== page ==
Last week the Swiss newspaper Blick broke the story of a guy who was caught driving above the speed limit through the town of Mörschwil and given a speeding ticket for $290,000. No, that’s not a typo — two hundred and ninety thousand dollars.
What could possibly justify such a large fine? One simple reason: The guy was rich. And under a new scheme of “progressive pricing” that’s becoming more and more common across Europe, rich people must pay higher fees for things because they can afford it — and because, well, they’re rich, and therefore deserve extra punishment.
Blick even featured a mugshot-like photo of the offender with the shocking caption, “Traffic thug Roland S. has five luxury cars in his garage.”
Horrors! Five fancy cars?!?! What an outrage. On that count alone we should condemn him. (A rough English translation of the Blick article can be read here.)
But wait — that’s not all! The British tabloid Express pointed out that the judges deciding on the size of his fine heard testimony that Roland S. was Facebook “friends” with Formula 1 stars Michael Schumacher and Felipe Massa. Unforgivable!
As to how the judges arrived at the reasonable sum of $290,000, the Express notes,
Under Swiss law he was fined for the offence, then had the sum multiplied by 130 to account for his fortune.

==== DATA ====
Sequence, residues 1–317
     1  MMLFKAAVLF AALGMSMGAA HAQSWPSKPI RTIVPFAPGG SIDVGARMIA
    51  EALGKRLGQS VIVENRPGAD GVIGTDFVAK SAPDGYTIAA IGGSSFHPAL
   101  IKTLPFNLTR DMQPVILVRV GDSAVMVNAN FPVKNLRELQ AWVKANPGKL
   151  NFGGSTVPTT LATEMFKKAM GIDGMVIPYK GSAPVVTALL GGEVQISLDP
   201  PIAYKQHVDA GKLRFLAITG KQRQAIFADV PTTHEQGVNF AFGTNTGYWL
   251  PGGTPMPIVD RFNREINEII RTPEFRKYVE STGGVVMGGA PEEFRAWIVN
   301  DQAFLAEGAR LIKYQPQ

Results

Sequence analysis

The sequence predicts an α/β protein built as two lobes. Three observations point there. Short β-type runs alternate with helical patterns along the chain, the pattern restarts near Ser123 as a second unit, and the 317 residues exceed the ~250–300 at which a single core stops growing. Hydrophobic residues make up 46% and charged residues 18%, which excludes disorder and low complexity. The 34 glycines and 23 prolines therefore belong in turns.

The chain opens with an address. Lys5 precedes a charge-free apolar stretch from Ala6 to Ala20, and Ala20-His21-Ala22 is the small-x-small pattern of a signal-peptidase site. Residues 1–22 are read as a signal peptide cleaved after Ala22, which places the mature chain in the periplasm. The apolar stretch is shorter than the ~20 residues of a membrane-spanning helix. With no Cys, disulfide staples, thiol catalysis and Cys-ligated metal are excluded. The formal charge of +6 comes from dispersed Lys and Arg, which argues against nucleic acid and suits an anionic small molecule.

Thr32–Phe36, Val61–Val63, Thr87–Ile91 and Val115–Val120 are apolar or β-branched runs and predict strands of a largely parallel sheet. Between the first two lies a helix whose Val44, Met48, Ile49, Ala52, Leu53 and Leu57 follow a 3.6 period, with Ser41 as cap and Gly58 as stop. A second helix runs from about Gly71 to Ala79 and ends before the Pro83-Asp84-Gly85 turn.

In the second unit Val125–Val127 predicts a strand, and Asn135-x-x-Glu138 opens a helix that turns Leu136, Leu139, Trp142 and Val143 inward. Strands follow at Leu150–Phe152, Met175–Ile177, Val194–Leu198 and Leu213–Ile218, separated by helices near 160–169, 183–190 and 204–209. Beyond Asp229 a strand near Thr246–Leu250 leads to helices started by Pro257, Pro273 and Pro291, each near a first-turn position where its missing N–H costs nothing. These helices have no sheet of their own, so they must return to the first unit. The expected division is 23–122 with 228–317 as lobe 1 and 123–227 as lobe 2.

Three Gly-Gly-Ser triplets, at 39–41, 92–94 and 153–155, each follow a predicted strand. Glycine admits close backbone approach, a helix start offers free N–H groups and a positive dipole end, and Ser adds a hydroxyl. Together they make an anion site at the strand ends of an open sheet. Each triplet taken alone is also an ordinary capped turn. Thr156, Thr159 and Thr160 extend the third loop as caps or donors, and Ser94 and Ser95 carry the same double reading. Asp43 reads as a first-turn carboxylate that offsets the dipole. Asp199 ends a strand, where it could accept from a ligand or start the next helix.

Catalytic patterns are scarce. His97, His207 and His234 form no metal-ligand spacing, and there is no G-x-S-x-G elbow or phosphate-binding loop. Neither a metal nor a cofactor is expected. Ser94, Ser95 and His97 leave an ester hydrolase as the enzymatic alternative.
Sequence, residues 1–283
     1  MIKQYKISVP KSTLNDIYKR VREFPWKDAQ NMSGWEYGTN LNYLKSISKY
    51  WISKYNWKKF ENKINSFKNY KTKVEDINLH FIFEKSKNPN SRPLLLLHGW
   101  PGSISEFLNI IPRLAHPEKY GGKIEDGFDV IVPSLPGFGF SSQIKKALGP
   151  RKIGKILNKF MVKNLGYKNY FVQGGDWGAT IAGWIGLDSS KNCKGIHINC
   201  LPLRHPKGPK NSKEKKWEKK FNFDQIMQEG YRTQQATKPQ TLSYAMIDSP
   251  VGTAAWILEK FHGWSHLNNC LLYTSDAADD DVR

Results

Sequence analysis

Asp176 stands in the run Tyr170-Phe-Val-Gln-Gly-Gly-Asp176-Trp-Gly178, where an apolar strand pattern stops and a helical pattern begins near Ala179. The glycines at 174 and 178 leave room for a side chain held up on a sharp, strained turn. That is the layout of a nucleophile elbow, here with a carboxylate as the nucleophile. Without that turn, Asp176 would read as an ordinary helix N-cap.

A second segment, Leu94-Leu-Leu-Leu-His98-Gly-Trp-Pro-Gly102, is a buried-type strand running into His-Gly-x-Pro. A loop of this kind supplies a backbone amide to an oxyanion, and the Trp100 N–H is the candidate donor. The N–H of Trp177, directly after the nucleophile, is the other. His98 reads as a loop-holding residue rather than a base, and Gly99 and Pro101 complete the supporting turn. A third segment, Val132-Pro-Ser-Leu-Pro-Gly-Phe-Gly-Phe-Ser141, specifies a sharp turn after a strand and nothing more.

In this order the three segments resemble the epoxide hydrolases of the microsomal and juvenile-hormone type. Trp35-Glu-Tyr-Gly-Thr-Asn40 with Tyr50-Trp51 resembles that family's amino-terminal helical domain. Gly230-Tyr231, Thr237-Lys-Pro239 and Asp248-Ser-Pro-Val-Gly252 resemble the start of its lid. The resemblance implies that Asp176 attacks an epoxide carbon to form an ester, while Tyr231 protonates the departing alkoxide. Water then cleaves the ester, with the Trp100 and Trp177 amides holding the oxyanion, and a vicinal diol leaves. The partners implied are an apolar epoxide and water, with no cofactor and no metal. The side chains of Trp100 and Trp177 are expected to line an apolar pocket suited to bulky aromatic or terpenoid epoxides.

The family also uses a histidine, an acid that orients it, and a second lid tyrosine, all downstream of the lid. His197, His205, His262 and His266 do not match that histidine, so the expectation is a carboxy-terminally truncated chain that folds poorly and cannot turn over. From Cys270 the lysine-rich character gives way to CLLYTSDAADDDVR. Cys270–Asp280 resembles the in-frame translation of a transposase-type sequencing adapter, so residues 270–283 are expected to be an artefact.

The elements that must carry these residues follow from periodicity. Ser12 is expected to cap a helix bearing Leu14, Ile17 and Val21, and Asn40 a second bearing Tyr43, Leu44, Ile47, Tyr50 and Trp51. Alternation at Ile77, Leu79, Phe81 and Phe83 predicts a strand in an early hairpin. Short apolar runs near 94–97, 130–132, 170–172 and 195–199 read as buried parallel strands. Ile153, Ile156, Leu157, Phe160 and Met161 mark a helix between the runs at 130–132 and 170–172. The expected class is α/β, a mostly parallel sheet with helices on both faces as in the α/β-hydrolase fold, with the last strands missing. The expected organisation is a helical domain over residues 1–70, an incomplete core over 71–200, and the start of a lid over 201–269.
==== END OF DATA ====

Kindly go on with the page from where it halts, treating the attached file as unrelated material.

The penalty is the highest speeding fine handed out in Switzerland. He was ordered to pay half of it in cash immediately with two years for the rest.
He was stopped last month driving at 85mph through the town of Morschwil, where the speed limit is 50mph.
The few American papers which covered this story safely classified it as “Today’s Weird News” or “Oddly Enough!”, an anecdote presented solely for our amusement, nothing to think about too deeply.
Yet The Fine of Roland is no mere bagatelle. It may be a vision of our future. And you should care very deeply indeed.
More Than Just a Funny Story
On Sunday, AP published an article pointing out the significance of Roland’s fine: Far from being an isolated incident, it’s part of a growing trend in Europe to scale fines and fees to match the payer’s income level:
European countries are increasingly pegging speeding fines to income as a way to punish wealthy scofflaws who would otherwise ignore tickets.
Advocates say a $290,000 (euro203,180.83) speeding ticket slapped on a millionaire Ferrari driver in Switzerland was a fair and well-deserved example of the trend.